Heart and passion helped Tipp beat Offaly, says Tipperary manager

“It’s a great way to win a final and a terrible way to lose one and our thoughts are with Offaly.”

The words of Tipperary manager James Woodlock likely echoed the sentiments of the majority of Tipperary supporters during the 20,214-strong turnout at UPMC Nowlan Park last Sunday.

The Drom-Inch man was stunned by the enormity of the spectacular victory over Offaly in the Electric Ireland All-Ireland minor hurling final, but after the celebrations began to die down on the pitch by Afterwards, he quickly regained his voice.

“The heart and the desire shown by the players was phenomenal and it was confirmed again today. It took us until the last seconds to win this match and obviously we did it with fourteen players as well. But , we would have been very disappointed with certain aspects of our game. We made it difficult for ourselves – in fact, we made every game difficult for us this year. Offaly came here thinking they were going to win today and rightly so – they have a brilliant team. They brought huge momentum with them and we knew they had a bandwagon with them and lots of support. They’re a brilliant team and we knew we had it all. do,” he said.

Tipperary showed plenty of character throughout the campaign and they also showed maturity beyond their tender years. And, James pointed to the fact that sixteen members of the team had been involved in minor hurling and football facilities last year as crucial in that regard.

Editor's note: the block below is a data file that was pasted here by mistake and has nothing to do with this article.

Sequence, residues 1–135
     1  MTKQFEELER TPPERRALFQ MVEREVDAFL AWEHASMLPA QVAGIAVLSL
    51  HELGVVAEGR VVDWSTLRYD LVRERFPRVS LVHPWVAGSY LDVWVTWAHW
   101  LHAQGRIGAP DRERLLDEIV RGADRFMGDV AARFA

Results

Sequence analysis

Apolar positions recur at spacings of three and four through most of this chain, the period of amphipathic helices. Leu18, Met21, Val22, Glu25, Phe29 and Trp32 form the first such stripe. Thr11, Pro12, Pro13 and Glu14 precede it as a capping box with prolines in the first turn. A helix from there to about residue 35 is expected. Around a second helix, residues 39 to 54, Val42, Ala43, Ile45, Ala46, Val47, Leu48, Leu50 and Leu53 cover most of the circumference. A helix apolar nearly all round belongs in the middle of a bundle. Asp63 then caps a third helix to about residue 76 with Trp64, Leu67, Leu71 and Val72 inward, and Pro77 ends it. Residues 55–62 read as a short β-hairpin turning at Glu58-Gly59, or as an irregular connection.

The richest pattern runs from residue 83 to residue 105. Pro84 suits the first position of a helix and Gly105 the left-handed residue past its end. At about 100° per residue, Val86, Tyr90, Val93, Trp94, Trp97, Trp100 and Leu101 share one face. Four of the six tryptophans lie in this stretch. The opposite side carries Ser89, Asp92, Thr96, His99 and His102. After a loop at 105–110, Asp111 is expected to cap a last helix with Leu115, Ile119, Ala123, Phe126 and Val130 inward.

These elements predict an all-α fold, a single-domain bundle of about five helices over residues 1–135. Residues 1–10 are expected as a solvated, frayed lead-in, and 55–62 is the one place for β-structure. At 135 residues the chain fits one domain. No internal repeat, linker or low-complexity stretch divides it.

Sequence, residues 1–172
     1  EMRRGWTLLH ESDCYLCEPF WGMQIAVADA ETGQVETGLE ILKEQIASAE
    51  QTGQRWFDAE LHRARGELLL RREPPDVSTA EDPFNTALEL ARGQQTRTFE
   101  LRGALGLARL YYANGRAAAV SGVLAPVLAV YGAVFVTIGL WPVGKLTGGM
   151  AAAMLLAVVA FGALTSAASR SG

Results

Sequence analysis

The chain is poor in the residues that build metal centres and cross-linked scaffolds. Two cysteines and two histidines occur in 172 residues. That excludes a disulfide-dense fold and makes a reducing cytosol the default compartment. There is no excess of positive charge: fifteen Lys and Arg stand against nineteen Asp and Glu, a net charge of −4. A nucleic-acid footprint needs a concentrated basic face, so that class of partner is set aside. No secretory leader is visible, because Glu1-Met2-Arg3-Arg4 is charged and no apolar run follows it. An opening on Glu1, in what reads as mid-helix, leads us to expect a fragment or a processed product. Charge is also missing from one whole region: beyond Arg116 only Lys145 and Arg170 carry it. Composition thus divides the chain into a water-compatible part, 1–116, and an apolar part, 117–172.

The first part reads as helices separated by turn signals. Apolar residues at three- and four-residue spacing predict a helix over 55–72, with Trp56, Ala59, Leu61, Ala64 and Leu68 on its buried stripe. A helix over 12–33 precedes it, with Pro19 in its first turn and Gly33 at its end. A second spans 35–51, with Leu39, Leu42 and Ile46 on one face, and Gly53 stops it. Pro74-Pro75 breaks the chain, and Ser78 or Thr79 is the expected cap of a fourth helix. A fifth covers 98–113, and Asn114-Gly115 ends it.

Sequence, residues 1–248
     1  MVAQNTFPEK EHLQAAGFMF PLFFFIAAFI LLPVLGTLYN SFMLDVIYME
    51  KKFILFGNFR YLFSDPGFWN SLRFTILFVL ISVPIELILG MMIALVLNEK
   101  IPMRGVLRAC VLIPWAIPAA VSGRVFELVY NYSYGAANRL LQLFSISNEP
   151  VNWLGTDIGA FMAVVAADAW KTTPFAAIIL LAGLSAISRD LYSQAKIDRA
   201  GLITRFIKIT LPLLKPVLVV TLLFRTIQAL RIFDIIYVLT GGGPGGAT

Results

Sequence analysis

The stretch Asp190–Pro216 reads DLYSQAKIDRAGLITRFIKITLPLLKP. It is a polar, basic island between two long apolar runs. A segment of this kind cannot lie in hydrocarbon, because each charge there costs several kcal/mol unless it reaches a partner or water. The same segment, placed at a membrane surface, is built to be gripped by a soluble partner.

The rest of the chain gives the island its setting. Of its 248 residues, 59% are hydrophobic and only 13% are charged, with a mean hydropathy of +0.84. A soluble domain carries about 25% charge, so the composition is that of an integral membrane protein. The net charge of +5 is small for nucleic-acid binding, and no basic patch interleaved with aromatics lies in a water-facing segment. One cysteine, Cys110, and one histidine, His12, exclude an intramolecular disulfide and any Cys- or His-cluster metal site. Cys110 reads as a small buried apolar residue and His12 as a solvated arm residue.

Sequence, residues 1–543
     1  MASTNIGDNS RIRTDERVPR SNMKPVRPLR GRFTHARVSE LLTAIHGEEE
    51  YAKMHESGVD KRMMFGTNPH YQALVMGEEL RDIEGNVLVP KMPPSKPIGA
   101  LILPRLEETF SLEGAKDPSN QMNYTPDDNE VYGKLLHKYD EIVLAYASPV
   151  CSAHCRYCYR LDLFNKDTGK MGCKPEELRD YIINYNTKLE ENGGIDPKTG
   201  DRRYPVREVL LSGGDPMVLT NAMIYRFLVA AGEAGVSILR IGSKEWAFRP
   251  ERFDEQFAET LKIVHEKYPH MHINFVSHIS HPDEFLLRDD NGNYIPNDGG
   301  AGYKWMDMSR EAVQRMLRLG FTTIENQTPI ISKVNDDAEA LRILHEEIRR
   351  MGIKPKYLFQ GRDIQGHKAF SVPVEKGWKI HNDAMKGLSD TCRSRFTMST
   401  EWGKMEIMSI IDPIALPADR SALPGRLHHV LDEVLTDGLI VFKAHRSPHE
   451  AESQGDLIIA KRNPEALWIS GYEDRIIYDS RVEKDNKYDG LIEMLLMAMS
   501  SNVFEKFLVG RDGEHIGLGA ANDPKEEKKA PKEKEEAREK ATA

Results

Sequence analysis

“Every question they were asked this year, they knew how to answer it. We said to ourselves that if it took until the 57th or 58th minute, we would still be there and it happened like that. We have showed earlier in the year that we were capable of coming back and we showed it again today. We showed maturity and composure even though things weren’t working out well for us. We only had little luck in the final game of the match because so many things hadn’t gone right for us. When you don’t die in games you always have a chance to win,” James said.

Admitting he was well aware of the pressure the job entailed when he accepted it two years ago, James hinted that Tipperary made history as the first team to win the Cup Tony Forrestal (U-14) and following win the All Ireland Minor Hurling Final.

“I’ve been told my whole life that I’m not good enough and that kind of siege mentality attitude has taken hold of me. I thought if I ever got the chance to rewrite the books of history I would do everything in my power to do so I’m glad we’ve done it now and I’m really looking forward to onboarding the guys to the next grade in the years to come because we we need,” he said.

Did he like the game?

“It wasn’t nice from my perspective – absolutely not. I’m relieved more than anything and hopefully we can enjoy the next day or two. I’m delighted we won the All-Ireland and for their parents and families who brought them to training three/four times a week, that’s huge. That’s huge for everyone involved and I’m thrilled for all of them,” he said. said, adding that heart and passion won the day for Tipperary.